AMONG those wielding political authority on this planet, Panama's Gen. Manuel Antonio Noriega is among the least lovable. Cagey and authoritarian, he is eclectic enough in practicing statecraft to have flirted with both Moscow and Havana. While many of the drug-dealing charges against him should be viewed with skepticism, it is difficult to imagine Panama's becoming so important a transit point for Colombian cocaine without his nod. Yet in trying to dispose of him, the United States appears to have embraced crude diplomatic activism at the expense of sound policymaking. The facts on the ground in Panama have been largely ignored. The views of relevant agencies have been dismissed out of hand. The foreign-policy chain of command has been all but by-passed. Longer-term US interests in Central America have been placed at risk as a crisis manufactured in Washington has been allowed to run rampant. Both Congress and the executive branch have engaged in a sort of mutually reinforcing ``gringo diplomacy.''
Because Panama is the site of the canal and headquarters for 10,000 US troops, there has been no shortage of information and analysis on developments there from the embassy, the military, the Central Intelligence Agency and the Drug Enforcement Administration.
On four essential matters there is little dispute:
General Noriega and his 16,000 Panama Defense Forces troops have been in firm political control. Should he disappear from the scene, his place would quickly be taken by one of the 15 or so colonels serving immediately under his command.
The political opposition to the military has been weak, divided, upper middle class, and ineffectual.
Noriega has been seen as no threat to US interests in Panama and the region. The CIA used to regard him as a good source on developments within Cuba and Nicaragua, and the drug enforcement agency saw him as a cooperative ally in the effort to control narcotics traffic.
The use of US economic power has been considered a weapon with as many potential risks as benefits. Unless applied to the choking point, it was as likely to rally support for Noriega as to undermine his position.
Actually such pressure has destroyed Panama's dollar-based economy, closing banks and businesses, denying the country international credit, and turning a largely subsistence economy into a subsistence one. Finally cracks have been produced in Noriega's military support. That he continues to hold on shows the depth of national support for the 1968 PDF-led revolution.
So to deliver a country from a crisis that didn't exist, protect interests that weren't threatened, and support an opposition without form, the US used its power in ways certain to cause trauma in the region.
The architect for this gambit has been Elliott Abrams, the State Department's assistant secretary for inter-American affairs. At a Feb. 17 meeting with President Eric Arturo Delvalle, Mr. Abrams reached an accord on the plan for Mr. Delvalle to fire Noriega, a move that no one in government thought Delvalle could make stick. Abrams, along with powerful private-sector lawyers, then plotted the series of US economic measures designed to squeeze Noriega into submission.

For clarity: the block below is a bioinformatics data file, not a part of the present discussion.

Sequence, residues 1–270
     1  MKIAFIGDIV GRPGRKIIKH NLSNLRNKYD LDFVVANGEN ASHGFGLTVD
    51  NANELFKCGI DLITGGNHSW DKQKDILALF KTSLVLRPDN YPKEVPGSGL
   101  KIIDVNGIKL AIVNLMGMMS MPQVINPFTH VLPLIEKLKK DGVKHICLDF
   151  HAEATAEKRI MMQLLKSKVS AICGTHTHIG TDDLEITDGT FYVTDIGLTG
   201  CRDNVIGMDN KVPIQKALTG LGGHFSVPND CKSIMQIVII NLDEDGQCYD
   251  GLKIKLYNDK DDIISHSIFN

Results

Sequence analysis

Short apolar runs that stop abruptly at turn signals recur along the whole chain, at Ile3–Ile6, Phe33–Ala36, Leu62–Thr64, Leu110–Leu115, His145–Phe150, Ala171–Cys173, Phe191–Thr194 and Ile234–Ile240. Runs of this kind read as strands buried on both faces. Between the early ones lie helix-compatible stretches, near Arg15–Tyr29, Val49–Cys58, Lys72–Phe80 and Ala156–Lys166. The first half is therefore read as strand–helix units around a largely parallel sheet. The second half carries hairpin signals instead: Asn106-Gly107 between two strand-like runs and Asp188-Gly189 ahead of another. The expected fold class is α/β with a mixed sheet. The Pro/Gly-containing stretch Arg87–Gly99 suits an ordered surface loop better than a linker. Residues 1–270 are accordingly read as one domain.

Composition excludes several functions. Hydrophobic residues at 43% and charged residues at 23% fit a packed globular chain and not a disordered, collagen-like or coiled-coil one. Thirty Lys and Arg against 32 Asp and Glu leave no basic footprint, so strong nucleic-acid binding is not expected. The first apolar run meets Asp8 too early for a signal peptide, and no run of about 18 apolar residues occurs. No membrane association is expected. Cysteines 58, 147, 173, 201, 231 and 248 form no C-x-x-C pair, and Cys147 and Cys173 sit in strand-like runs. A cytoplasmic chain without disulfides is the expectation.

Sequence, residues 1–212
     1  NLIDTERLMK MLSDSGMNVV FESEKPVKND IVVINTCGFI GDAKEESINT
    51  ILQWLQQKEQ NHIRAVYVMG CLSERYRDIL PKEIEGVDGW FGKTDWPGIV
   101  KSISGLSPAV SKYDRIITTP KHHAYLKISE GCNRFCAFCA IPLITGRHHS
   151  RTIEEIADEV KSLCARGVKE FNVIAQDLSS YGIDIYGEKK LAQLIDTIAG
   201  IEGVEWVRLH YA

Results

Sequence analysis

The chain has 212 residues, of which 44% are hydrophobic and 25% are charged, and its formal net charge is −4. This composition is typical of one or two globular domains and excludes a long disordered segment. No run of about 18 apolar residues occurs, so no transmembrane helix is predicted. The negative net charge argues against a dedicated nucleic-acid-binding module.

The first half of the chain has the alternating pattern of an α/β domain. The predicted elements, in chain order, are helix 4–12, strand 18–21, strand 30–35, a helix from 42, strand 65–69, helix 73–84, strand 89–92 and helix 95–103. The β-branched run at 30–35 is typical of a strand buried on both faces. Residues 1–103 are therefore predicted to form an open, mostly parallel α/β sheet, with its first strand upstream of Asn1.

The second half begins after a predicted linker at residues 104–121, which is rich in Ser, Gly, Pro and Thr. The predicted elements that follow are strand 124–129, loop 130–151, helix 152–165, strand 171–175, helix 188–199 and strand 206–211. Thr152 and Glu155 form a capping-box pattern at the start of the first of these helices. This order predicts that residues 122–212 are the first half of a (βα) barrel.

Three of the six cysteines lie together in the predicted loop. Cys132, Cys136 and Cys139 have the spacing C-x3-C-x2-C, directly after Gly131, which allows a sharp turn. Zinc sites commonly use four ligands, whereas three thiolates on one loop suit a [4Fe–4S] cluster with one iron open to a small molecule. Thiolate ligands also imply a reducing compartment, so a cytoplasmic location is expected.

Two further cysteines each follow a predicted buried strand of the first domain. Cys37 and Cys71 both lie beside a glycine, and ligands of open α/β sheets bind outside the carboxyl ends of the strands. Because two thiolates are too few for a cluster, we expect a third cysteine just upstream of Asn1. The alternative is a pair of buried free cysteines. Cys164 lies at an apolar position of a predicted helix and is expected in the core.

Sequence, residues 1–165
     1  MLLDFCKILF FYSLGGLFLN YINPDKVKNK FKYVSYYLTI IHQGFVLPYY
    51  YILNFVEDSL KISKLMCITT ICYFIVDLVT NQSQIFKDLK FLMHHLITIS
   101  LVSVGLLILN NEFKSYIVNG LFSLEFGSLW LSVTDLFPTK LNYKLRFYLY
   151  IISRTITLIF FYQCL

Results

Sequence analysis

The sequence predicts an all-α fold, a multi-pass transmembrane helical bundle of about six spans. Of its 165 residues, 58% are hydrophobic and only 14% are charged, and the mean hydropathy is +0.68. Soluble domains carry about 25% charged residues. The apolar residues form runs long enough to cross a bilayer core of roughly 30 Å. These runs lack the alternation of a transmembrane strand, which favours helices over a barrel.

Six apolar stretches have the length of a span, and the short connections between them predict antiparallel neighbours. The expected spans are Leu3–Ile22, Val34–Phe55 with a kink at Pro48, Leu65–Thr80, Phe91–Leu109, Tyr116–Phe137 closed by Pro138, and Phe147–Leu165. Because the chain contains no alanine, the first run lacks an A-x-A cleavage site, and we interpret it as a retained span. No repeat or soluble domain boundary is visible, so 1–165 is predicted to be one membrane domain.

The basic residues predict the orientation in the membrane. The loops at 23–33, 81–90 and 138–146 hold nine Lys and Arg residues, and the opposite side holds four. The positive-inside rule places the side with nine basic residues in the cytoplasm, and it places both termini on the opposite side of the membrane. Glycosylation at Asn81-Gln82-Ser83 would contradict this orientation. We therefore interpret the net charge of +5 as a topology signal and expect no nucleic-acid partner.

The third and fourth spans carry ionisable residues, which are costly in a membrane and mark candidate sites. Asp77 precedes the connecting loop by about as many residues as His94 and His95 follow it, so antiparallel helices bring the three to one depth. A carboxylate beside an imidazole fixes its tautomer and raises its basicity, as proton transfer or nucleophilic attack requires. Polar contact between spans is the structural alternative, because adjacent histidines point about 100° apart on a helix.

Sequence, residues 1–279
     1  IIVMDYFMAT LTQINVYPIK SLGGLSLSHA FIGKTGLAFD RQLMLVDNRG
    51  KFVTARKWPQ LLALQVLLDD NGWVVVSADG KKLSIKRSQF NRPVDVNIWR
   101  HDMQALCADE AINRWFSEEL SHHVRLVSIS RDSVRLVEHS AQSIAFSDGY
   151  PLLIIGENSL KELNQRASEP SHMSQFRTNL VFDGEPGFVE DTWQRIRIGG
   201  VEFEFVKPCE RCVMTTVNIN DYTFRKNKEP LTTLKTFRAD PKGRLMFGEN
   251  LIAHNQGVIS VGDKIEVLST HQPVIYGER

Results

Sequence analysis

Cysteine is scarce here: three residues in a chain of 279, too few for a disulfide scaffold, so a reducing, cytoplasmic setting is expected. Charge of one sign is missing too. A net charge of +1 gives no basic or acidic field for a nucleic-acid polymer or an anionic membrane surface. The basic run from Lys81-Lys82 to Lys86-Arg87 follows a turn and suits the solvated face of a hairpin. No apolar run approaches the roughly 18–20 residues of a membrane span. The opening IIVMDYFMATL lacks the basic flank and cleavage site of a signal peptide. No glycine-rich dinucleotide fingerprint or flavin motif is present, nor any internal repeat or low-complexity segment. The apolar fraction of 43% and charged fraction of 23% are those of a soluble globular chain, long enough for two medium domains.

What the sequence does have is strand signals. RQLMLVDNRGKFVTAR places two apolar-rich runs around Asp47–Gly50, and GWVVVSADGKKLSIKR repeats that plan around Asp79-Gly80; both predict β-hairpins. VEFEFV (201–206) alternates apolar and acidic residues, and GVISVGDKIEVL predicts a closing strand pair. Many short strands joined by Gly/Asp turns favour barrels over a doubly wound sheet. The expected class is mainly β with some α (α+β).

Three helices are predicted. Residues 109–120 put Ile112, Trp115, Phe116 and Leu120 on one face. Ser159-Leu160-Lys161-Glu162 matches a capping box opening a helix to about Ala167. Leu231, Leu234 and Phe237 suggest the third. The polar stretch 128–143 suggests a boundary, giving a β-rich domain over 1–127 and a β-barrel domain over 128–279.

President Reagan, preparing for the NATO summit, was aloof enough from the goings-on to have denied publicly that any economic steps were planned. Secretary of State George Shultz, traveling between Moscow and the Middle East and Brussels, was not asked to sign on until the 11th hour. National-security adviser Colin Powell was with Mr. Shultz. Defense Secretary Frank Carlucci III was totally out of the loop.
Had these senior heads been more involved in the deliberations, they might have decided that it was bad business for a superpower like the US to be meddling in the internal affairs of a tiny country like Panama to the point of installing a puppet in the president's chair, and pulling the strings while he remained in hiding. It is bad business to be tampering with payments mandated by the Panama Canal treaties and to be manipulating the actions of US-controlled banks in the country.
Reverberations from this sort of conduct will likely be heard throughout the region. Governments there may have less trust in future US agreements and assurances and be slower to rely on US economic guarantees. They may also search for bigger friends able to serve as a counterweight to US pressure.
What is most remarkable is the wall-to-wall political support behind the effort to oust Noriega. One is not surprised to see Sen. Jesse Helms perplexed over the quality of the government about to take over his beloved canal. One would have expected Sens. John Kerry and Edward Kennedy to be more restrained in their advocacy of the coercive power of the US to achieve even desirable ends in Central America.
C. Robert Zelnick is Pentagon correspondent for ABC News and former Supreme Court correspondent for the Monitor and National Public Radio.